Researchers in this study tested the vaccine’s effectiveness on mice and ferrets. They compared the response to conventional vaccine approaches.

They found that their vaccine elicited a better antibody response than the control vaccine option. The vaccine even offered protection when mice were exposed to lethal viral doses. It also offered protection against multiple H1 viral strains.

However, this newly developed vaccine appears most effective after receiving an initial prime dose and a booster rather than just a single dose.

Non-study author Linda Yancey, MD, Infectious Disease Specialist, Memorial Hermann Health System in Houston, commented with her thoughts on the study to MNT:

“This is a nice step in the direction of a universal flu vaccine. Producing one has been the goal of researchers for years. It has proven to be a complex and difficult task, so it is nice to see solid progress being made towards it. At this time scientists are still working on developing the building blocks of a vaccine. We probably won’t see any changes in clinical practice based on this for a few years. But every step in the right direction brings that universal vaccine a little closer.”

This study has limitations, mainly because animal testing differs from testing something in people. These animals had also not experienced any previous flu vaccine or flu exposure, which could have affected the observed results. Researchers note that most people have some pre-existing immunity to influenza, which could minimize or influence the response to this type of vaccine. The study also only looked at one H1 HA, so it’s unclear how the approach would impact other HAs. In addition, not all animal experiments were conducted in a blinded manner.

Researchers also acknowledge that further study is required to understand more of the underlying mechanisms and confirm why they observed the response they did. They acknowledge that “the protection from infection may not always be correlated with decreasing classical antigenic site-directed responses.”

Even if this potential vaccine is developed, experts, government agencies, and health professionals will need to address distribution and acceptance. Non-study author David Cutler, MD, board certified family medicine physician at Providence Saint John’s Health Center in Santa Monica, CA, noted the following:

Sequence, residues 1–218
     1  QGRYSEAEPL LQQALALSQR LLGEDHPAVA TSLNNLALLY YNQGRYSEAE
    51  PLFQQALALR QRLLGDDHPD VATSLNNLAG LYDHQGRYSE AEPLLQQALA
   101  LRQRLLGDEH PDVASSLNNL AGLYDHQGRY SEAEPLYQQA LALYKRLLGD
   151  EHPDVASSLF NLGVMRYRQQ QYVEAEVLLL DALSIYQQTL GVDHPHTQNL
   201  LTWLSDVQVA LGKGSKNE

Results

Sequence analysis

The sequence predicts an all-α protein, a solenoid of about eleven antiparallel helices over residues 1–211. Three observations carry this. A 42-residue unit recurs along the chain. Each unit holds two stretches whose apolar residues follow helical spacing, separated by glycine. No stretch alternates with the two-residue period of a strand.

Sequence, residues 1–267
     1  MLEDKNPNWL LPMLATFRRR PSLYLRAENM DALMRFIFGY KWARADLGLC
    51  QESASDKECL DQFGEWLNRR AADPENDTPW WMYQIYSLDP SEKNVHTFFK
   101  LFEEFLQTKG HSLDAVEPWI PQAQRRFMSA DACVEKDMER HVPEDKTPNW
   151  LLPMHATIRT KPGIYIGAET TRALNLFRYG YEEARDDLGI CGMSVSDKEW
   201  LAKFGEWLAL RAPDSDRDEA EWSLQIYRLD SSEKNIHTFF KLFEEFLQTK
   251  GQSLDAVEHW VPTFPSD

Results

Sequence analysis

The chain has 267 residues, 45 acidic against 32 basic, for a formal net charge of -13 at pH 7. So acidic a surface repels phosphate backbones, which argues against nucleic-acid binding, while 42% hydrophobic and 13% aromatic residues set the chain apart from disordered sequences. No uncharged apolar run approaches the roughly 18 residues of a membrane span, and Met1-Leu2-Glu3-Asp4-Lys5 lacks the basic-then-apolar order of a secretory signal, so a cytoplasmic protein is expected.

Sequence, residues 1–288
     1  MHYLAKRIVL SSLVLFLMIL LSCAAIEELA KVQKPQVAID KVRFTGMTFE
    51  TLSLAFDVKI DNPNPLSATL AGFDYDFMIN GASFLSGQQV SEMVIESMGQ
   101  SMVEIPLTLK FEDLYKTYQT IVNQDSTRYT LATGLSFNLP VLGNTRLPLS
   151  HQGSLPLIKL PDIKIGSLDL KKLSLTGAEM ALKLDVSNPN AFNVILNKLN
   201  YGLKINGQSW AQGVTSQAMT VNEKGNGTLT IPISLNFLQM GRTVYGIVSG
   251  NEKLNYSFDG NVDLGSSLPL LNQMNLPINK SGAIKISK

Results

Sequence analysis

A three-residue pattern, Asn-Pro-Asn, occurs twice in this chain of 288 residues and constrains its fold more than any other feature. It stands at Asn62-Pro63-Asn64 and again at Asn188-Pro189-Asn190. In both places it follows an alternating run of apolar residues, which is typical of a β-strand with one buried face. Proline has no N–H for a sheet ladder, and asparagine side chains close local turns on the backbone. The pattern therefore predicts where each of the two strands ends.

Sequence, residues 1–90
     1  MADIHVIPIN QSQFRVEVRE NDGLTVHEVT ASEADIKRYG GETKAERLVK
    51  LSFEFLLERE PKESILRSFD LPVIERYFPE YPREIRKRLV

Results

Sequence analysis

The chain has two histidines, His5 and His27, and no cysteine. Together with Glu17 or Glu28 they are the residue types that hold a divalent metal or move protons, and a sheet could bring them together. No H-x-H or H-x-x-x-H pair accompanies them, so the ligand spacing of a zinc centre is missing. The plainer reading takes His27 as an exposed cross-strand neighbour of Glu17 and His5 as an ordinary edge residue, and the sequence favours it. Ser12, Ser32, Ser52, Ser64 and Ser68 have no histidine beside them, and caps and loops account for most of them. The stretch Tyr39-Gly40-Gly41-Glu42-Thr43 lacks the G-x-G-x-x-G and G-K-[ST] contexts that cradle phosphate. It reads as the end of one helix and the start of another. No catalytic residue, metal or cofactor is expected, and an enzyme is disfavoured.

“While safety and effectiveness are the major concerns, vaccine uptake is also an important issue to consider. Presently, only about 50% of adults receive a flu vaccine. Any improvement in effectiveness could be offset be reluctance to receive a new vaccine. It is the role of our public health agencies to convince people that the benefits of approved vaccines greatly exceed their risks. So, while scientists may develop new, improved vaccines the benefit to society may not be realized if the vaccines do not get administered.”

However, the research sets up the potential development of a long-term flu vaccine. This could make it easier to maximize the vaccine’s impact and ultimately minimize the detrimental health effects of the flu.

Quinones was hopeful about the results and noted the following:

“The new flu vaccine might work better than the old ones. If it works in people like it did in animals, it could mean fewer people getting sick from the flu each year. It might also lead to a vaccine that works for all types of the flu, which would be a big deal for keeping people healthy.”